"So, the least common multiple of $52$ and $64$," said the Mathematical Ninja, "is $13 \times 16 \times 4$, which is $832$."

"H-how did you do that?!" asked the student.

The student was clearly new around here, so the Mathematical Ninja went easy on him. "Very simple," he said. "I rearranged the order to make it $13 \times 4 \times 16$, or $52 \times 16$."

He thought for a moment, and nodded. "But how did you do *that?*"

"Very simple," said the Mathematical Ninja. "$16 = 2 \times 8$, so I can make it $52 \times 2 \times 8$, or $104 \times 8$, which is $800 + 32$."

The student's eyes opened. "You can... shuttle numbers like that?"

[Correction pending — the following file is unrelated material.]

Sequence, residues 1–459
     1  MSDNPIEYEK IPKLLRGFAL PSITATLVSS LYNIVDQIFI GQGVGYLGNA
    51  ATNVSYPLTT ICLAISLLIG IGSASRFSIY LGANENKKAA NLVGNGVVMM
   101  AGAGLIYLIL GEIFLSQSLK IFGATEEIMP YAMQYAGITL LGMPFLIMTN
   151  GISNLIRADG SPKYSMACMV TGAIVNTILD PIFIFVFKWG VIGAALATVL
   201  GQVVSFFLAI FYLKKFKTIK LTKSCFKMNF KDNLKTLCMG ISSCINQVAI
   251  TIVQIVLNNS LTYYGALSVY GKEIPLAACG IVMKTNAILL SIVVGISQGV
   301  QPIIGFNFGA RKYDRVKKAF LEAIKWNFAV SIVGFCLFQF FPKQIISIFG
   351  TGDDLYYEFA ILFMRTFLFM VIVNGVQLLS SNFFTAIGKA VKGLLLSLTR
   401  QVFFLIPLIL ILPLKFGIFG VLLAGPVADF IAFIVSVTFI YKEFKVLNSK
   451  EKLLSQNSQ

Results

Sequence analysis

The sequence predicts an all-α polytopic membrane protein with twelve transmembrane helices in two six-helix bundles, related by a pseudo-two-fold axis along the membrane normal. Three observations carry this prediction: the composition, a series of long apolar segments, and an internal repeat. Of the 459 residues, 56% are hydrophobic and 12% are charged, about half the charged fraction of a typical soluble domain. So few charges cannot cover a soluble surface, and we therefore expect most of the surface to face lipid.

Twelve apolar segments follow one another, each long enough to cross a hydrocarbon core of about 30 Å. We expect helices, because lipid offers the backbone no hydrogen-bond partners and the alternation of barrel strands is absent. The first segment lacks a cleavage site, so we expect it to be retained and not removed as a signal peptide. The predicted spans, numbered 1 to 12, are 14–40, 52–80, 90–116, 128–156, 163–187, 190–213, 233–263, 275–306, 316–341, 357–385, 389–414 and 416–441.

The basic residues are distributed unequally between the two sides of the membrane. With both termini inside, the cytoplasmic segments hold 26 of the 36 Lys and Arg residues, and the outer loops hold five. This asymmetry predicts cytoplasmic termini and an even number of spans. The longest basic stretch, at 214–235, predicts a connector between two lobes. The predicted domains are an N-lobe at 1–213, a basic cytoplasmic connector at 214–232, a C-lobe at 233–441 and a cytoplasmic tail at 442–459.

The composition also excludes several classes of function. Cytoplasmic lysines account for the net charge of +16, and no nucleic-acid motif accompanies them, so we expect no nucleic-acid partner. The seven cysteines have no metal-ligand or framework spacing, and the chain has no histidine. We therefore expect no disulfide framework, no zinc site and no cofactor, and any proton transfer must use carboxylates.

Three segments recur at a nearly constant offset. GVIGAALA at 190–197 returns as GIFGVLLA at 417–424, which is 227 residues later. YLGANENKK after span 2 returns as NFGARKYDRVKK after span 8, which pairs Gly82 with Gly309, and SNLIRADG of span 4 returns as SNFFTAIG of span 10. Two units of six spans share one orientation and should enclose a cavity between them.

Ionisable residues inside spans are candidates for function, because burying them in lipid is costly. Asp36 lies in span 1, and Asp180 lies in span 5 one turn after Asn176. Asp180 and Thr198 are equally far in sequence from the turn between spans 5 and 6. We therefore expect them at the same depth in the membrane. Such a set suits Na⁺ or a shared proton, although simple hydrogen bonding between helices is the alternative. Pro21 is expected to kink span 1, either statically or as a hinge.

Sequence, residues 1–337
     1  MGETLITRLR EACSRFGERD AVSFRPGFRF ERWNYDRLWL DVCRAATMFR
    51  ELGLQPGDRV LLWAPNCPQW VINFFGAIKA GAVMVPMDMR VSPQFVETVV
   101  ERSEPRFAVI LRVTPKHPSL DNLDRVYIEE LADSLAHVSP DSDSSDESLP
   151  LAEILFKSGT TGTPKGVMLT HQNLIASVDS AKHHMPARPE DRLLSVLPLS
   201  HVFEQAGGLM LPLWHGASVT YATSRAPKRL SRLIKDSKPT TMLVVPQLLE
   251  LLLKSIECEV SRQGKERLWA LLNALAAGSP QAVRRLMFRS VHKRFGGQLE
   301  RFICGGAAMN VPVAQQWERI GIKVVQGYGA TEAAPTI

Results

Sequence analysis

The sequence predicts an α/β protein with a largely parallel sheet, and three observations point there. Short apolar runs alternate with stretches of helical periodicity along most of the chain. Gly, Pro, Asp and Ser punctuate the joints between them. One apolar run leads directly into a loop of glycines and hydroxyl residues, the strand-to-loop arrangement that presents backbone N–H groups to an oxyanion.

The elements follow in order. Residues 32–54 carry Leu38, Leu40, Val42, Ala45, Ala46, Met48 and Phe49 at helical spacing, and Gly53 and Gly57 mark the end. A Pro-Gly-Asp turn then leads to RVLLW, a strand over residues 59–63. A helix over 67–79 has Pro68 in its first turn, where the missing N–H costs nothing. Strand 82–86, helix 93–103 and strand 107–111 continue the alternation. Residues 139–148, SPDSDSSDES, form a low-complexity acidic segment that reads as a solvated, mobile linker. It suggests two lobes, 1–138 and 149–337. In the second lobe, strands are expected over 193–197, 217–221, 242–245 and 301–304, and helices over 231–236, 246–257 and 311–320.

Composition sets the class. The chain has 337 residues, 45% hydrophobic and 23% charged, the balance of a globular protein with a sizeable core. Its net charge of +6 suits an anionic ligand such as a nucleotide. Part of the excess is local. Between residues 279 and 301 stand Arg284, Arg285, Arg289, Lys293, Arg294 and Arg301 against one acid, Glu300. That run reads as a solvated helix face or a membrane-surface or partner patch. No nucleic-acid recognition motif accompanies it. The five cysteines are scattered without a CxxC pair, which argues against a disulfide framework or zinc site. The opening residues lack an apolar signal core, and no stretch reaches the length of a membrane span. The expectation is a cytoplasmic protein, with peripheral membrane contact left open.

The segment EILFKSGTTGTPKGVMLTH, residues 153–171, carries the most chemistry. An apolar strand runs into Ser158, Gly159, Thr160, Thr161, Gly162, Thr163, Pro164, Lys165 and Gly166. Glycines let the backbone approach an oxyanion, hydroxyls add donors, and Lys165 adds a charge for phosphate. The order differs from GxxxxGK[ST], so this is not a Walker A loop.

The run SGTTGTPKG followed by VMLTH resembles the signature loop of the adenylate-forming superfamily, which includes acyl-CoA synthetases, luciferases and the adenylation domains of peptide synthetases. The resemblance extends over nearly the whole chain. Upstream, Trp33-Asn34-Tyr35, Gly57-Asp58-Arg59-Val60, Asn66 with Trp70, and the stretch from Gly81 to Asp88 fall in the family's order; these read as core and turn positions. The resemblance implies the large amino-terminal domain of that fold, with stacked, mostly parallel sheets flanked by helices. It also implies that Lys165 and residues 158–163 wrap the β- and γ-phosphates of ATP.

The Mathematical Ninja nodded, gravely. "You've done standard form, right?"

A nod.

"Say you've worked something out to be $25 \times 10^4$. Obviously the $25$ is too big - but you can split it up as $2.5 \times 10 \times 10^4$ or $2.5 \times 10^5$."

In that moment, the student became enlightened.

## Colin

Colin is a Weymouth maths tutor, author of several Maths For Dummies books and A-level maths guides. He started Flying Colours Maths in 2008.
He lives with an espresso pot and nothing to prove.